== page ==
Having recently moved into a new neighborhood full of many various breeds of dogs, I decided that I needed to learn more about dog bite laws. I checked with a local dog bite attorney in Orlando to learn more about dogs and dog bite laws. Since I believe that this is an important issue, I decided to ask the Orlando dog bite attorney if he could answer a few frequently asked questions for me that I can share in this short article. The reason I am so curious is that I personally know a little girl from our home state who was bitten on her face by a dog. Having three young children myself, knowing the dog laws and dog bite laws of Florida is important to me so I can know what to expect should anything happen. This article will benefit dog owners as well so they can take adequate steps and measures to ensure their dog doesn’t harm someone.
My neighbor has a “Beware of Dog” sign posted on his fence. Would that sign affect the outcome of a lawsuit if my child gets bitten by the dog?
No. A sign should not deter you from filing a lawsuit, especially if the victim is a child under the age of six. While there is a bad dog exception to the law of liability, it’s still a good idea to hire a dog bite attorney in Orlando. Let the court decide if the bad dog exception applies, depending on the circumstances of the particular case. If the dog is registered as dangerous, the court will need to decide if the owner failed in his responsibilities, which is a criminal matter which could be beneficial to the plaintiff in a civil lawsuit.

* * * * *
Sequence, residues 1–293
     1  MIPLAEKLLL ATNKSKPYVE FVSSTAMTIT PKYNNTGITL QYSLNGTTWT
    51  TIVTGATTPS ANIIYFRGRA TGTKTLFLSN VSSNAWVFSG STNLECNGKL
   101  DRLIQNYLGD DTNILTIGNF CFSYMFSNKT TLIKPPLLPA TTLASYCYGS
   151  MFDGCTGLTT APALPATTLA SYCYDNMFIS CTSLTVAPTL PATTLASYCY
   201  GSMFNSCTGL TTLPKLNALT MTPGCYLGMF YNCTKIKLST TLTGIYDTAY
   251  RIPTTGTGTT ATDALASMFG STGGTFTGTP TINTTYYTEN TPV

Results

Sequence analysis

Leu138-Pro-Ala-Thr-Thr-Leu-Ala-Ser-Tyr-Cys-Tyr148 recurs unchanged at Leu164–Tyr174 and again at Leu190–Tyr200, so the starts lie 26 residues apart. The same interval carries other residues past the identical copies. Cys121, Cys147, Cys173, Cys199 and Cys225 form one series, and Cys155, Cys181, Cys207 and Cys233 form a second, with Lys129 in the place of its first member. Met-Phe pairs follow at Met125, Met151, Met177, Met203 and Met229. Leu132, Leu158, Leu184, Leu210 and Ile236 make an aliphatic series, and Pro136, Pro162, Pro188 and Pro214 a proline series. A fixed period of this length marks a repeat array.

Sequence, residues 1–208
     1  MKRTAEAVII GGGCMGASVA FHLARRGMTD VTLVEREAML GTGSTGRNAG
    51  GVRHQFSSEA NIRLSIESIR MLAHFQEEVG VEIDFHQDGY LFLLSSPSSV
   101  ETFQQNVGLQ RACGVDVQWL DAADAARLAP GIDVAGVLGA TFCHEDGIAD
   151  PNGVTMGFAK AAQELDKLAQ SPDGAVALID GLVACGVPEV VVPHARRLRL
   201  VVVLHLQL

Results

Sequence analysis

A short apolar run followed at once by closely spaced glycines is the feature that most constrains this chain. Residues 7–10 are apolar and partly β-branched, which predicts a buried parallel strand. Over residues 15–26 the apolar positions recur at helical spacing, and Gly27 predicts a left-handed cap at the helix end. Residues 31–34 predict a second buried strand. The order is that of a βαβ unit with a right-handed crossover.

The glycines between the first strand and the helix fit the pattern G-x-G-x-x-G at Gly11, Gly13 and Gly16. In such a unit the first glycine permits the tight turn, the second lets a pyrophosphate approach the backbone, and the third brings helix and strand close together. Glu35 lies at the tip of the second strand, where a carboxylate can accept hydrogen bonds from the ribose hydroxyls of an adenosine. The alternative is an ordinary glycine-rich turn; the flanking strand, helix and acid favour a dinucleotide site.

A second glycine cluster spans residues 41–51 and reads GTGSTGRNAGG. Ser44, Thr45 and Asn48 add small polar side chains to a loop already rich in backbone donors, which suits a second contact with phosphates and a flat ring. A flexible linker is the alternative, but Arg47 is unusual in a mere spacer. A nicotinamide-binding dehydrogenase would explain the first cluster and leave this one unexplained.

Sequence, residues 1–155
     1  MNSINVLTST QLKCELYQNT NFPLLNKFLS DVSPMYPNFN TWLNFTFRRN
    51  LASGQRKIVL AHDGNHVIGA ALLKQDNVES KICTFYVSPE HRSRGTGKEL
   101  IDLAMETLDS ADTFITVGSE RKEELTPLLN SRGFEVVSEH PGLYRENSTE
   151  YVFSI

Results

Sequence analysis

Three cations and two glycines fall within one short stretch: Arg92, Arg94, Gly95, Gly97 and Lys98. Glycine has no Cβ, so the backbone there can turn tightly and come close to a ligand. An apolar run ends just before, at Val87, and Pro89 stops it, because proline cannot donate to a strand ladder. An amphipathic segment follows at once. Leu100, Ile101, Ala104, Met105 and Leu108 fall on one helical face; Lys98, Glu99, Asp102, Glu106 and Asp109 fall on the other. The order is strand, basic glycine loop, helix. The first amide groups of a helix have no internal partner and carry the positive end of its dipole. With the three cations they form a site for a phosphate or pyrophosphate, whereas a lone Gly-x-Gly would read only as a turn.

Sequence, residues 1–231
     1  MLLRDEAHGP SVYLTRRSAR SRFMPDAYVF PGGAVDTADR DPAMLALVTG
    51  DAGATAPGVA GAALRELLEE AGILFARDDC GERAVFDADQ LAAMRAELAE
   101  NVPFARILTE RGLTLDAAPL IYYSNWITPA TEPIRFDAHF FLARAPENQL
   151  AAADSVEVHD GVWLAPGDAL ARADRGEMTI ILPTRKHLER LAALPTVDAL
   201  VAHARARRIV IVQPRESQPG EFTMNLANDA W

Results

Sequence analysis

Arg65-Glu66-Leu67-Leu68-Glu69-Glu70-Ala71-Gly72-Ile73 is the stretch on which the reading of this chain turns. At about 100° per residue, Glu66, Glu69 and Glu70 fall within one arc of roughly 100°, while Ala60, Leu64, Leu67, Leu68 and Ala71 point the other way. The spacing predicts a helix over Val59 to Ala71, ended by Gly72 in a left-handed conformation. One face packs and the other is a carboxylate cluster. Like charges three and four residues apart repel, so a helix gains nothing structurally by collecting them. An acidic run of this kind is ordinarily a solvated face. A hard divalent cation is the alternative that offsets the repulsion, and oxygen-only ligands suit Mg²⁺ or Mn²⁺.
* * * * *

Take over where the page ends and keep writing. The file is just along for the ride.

I’ve heard about a Dangerous Dog statute. Can you explain that to me?
If a dog has been determined by law to be dangerous, the owner is required to take specific measures. The dog owner will be required to register the dog with the local authorities, including Animal Control and the police department. Warning signs are required, such as what you asked about previously, but at each entrance of a secure area the dog is required by law to be kept in. Outside of the secured area, the dog needs to be muzzled and kept on a lease or harness, and handled by an adult.
I’ve also heard about a one bite rule. What is that about?
Scienter is the legal term for the one bite rule. If a dog has a history of biting, people other than the dog owner could be held liable if they knew about the dog’s history. For example, if a dog that has previously bitten someone is given away or sold to someone else, the original owner can be held liable for any injuries should the dog bite again.
Are there any other circumstances I should know about?
In regards to children and dogs, there could be circumstances in which the dog owner may try to prove that the child taunted or teased the dog into biting him. This is called Comparative Negligence and does not apply to children under the age of six who should know better than to tease and taunt a dog. The courts have determined that children ages six and over should understand that they should not provoke dogs, even though they don’t necessarily know what the word provoke means. The best advice I can give you as a dog bite attorney in Orlando is to educate your children as to the appropriate behaviors they need to have when a dog is in their presence.